The publication of the Cochran-Harpending Theory of Ashkenazi Intelligence has stimulated a revival of the popularity of alternative theories tracing back to Sir Francis Galton. Darwin's half-cousin, who coined the term "eugenics," pointed out that since the Catholic Church was the main "career open to talents" in the medieval world, the celibacy rule for priests, monks, and nuns might have lowered the intelligence and morality level of Christian Europe. I have also heard it asserted that Galton pointed out that the Jews practiced the flip side of this by encouraging rabbis to have a large family, but I haven't found proof of that. That particular theory was advanced at least as far back as cyberneticist Norbert Wiener's autobiography.
But is Galton's theory of Christian celibacy, which was only mandatory for priests from 1000 onward, quantitatively plausible? I've never seen an in-depth study. A reader raises doubts bout how how important the effect might have been:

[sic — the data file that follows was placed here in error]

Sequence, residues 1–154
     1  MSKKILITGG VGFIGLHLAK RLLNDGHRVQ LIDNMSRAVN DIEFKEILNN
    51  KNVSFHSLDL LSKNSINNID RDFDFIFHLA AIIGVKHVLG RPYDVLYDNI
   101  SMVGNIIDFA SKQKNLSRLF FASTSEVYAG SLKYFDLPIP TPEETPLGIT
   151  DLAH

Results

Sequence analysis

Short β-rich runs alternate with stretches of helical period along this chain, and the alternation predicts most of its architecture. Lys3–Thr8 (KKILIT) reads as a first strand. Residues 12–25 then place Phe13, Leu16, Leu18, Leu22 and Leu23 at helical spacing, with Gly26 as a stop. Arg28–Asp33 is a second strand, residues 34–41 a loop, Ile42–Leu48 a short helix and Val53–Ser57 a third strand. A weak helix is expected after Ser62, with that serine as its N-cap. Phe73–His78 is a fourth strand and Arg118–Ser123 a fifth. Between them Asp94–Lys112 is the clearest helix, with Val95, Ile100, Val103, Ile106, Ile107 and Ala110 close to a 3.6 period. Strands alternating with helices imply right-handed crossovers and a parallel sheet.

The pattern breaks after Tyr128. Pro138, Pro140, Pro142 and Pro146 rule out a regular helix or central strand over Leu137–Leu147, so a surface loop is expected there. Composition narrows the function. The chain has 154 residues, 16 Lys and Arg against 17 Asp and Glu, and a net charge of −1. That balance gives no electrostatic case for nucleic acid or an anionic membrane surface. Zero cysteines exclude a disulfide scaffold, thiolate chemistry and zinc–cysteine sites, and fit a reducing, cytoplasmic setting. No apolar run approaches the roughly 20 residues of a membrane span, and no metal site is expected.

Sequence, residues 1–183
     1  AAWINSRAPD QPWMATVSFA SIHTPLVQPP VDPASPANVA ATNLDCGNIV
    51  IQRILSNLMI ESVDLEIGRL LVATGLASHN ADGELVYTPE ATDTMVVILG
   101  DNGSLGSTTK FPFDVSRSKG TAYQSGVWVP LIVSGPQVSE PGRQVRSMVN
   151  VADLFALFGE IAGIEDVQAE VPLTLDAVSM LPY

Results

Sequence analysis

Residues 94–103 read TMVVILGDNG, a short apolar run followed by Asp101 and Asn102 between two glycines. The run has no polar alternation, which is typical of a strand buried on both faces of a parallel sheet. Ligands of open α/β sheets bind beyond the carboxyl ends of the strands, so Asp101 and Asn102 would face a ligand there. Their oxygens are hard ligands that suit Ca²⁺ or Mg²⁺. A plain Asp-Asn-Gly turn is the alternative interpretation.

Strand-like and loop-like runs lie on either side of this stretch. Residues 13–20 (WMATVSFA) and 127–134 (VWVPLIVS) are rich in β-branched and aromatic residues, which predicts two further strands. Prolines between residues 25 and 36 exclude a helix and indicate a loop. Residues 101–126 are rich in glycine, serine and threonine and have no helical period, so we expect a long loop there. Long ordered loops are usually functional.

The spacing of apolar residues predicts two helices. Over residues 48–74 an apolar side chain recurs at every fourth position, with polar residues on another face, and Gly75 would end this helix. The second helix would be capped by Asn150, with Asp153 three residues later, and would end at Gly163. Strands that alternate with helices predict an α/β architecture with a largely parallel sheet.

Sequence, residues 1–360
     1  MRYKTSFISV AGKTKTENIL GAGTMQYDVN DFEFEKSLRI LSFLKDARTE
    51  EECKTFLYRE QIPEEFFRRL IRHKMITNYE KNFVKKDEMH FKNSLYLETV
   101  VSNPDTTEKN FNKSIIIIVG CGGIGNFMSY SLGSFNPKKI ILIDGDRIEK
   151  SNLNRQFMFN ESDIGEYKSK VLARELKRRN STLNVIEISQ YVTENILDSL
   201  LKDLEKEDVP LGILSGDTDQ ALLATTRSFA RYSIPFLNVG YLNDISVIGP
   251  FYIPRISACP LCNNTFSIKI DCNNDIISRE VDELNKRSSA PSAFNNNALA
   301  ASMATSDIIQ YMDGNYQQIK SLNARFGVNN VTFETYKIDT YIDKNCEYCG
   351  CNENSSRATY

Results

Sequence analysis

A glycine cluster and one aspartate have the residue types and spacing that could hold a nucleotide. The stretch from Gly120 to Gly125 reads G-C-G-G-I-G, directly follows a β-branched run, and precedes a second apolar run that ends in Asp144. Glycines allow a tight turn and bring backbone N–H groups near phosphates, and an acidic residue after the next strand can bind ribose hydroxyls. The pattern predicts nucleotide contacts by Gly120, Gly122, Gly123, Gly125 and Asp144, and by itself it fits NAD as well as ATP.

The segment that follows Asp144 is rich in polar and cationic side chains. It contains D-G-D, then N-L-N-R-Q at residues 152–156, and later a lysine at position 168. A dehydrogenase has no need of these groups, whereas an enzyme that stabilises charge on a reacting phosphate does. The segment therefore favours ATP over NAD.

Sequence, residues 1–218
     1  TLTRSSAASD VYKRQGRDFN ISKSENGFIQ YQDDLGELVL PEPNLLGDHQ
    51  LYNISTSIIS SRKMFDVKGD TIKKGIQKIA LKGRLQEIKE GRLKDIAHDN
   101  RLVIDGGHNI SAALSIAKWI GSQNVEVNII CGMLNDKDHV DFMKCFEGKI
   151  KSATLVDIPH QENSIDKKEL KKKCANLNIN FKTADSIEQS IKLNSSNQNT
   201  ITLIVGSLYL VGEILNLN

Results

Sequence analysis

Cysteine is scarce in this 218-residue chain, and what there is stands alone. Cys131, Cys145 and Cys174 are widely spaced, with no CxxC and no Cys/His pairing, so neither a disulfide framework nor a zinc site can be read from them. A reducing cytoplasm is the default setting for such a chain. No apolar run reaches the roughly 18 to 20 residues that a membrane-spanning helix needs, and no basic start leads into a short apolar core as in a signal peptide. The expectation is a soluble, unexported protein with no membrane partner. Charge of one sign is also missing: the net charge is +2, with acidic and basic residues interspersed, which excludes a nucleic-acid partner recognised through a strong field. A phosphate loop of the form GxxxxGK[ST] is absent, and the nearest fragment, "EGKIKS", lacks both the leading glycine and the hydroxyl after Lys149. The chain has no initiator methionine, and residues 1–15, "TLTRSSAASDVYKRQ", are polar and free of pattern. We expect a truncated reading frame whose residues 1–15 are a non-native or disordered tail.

As far as the 'smart boys went to the monastery' theory, birth order is the determining factor in vocations, even into the 20th century. Generally the first son was to inherit the feudal obligations of the father (to work land, fight, etc.). First daughters were to marry others of the same class. It usually was only the third child of either sex that COULD go to the church, so much work was needed and so many children died before adulthood. The Benedictines had no IQ tests to filter their recruits, and even local priests were often illiterate. (Also, they were often fathering children surreptitiously...)